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6 September 2021

Who owns the image rights of a child?

Spencer Elden, the baby photographed on Nirvana’s iconic “Nevermind” cover, is suing the band. His lawsuit raises questions we can’t ignore.

By Megan Nolan

The question of whether a child should be considered an autonomous individual is a relatively new one. It was only in the 20th century that the dominant idea of children as the belongings of their parents was disrupted. (I am tempted to say this has dissolved completely, but in some cultures, and many private hearts, children retain this status, explicitly or otherwise.)

Children’s rights were established in law in 1923; psychoanalysis helped to popularise the notion that the interior life of a child was anything but irrelevant; and the concept of the teenager took root, loosening the previously rigid and sudden boundaries between brainless obedient childhood and sentient wilful adulthood. This shift happened to take place alongside the advent of popular photography. Given that we are still negotiating constantly who really “owns” a child, it stands to reason we are also anxious about who might “own” the image of a child too.

Spencer Elden knows more than most about the existential difficulties of these questions. He was the naked underwater baby pictured on the cover of Nirvana’s seminal album 1991 Nevermind, grasping for a dollar bill caught on a fishhook. It’s one of the most iconic record covers ever, but neither Elden nor his parents saw much material reward for this. The fee paid by the photographer Kirk Weddle, a family friend, was just $200, and it is alleged that no release form was signed.

Now, Elden is 30 years old and suing Nirvana. It is easy to see why an adolescent, then adult, would find it difficult to be “famous for nothing”, as Elden once put it to Time in 2016. Cultural significance and fame of Nirvana’s scale would overshadow even an unusually gifted, established adult. Nobody wants to be defined by a relationship to someone more successful than themselves. It was bad enough for Courtney Love, let alone an infant who had no choice in making or maintaining the association.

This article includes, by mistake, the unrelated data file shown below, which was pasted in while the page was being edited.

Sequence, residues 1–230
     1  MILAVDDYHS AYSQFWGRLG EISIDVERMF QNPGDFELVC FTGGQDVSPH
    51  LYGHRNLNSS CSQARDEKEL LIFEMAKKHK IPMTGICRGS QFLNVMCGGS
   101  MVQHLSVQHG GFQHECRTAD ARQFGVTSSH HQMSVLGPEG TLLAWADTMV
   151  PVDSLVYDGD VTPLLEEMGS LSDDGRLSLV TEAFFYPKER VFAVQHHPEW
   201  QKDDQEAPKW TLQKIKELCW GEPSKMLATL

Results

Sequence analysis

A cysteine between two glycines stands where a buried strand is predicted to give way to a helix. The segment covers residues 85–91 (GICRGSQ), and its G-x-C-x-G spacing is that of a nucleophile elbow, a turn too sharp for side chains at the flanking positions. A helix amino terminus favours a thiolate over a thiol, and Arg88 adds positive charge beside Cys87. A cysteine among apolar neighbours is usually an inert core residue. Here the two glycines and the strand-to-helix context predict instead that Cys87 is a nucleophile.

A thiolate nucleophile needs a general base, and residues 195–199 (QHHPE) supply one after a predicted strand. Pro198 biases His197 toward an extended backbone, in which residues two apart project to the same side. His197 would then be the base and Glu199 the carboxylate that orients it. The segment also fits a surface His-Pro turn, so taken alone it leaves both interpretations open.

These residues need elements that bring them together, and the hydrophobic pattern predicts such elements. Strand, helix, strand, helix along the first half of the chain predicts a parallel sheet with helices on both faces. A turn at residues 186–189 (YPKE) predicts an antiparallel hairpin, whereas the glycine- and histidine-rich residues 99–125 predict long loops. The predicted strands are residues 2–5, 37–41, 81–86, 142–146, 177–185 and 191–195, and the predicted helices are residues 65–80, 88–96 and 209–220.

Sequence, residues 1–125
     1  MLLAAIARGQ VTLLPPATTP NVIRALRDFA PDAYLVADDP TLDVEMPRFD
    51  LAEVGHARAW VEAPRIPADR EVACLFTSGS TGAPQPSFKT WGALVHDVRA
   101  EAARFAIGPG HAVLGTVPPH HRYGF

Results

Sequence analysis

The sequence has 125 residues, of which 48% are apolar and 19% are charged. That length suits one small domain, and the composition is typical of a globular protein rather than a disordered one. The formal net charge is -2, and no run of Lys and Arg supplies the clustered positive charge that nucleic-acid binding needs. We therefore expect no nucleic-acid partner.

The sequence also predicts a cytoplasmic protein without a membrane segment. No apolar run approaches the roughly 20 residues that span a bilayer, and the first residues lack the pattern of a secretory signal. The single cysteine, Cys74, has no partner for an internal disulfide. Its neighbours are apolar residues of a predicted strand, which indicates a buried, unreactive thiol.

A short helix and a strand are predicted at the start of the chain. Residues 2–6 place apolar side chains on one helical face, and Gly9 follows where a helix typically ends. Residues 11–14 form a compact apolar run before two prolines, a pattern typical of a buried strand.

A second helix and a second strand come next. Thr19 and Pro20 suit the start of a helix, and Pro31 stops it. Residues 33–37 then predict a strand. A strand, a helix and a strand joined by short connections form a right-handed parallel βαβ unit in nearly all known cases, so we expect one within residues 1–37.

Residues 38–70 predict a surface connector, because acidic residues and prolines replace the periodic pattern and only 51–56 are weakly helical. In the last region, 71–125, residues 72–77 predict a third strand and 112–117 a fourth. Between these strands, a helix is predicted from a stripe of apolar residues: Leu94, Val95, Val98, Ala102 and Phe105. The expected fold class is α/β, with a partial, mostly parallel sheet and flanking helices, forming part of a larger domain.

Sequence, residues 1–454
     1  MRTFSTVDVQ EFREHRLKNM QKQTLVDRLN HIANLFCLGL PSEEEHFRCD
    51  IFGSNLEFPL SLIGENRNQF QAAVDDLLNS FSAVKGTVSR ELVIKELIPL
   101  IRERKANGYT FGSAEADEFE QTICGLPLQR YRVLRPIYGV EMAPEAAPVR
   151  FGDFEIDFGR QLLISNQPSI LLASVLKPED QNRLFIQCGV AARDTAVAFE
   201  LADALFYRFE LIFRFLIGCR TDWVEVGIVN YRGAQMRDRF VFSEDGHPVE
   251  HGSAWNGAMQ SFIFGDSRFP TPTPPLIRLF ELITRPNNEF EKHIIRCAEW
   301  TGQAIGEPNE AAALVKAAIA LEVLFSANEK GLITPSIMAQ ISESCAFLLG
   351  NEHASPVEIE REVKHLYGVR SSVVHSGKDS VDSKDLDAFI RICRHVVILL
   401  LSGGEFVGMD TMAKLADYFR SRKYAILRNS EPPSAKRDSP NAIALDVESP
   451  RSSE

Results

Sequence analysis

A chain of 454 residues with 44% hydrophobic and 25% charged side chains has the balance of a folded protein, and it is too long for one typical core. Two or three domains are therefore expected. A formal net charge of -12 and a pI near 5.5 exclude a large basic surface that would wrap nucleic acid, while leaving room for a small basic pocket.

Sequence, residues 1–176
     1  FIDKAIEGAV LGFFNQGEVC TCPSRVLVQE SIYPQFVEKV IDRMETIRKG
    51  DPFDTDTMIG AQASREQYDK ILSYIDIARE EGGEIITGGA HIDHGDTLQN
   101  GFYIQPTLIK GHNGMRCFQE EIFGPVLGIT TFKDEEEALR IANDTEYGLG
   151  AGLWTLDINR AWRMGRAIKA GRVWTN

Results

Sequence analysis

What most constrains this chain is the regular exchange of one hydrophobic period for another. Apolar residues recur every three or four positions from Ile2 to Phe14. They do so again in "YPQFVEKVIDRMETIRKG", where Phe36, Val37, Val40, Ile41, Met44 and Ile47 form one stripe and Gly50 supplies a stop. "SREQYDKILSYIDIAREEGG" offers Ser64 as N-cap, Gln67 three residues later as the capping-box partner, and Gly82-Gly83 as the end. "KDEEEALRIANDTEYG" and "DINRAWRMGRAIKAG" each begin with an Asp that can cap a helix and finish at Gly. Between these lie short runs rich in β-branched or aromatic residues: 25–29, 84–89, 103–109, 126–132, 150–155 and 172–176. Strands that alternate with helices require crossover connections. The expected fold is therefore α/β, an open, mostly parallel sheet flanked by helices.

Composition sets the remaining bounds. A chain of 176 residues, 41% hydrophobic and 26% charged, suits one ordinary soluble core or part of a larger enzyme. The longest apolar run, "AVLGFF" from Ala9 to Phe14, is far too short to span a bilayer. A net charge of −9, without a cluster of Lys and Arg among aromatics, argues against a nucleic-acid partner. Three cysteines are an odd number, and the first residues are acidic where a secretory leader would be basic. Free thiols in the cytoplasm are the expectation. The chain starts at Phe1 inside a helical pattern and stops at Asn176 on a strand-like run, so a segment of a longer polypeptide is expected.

[See also: Abba are back – with the old magic intact]

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Elden’s lawsuit alleges sexual exploitation, arguing that the nude image constitutes child pornography. This is a far more difficult proposition. He is naked in the image, yes, his penis clearly visible, and while I can fully understand his anger and discomfort at this fact, is there any way to read the image as pornographic? There is nothing sexualised about his presentation, unless you are to consider nudity itself – including that of an infant – inherently sexual. Elden’s lawyer spuriously bulks up the claim by saying that the inclusion of the dollar bill makes the infant Elden appear “like a sex worker”. I doubt that even one person has ever seen this image and come away with that idea. (I’ve always assumed, like many people, that it was a vague comment on the corrupting force of greed and wealth.)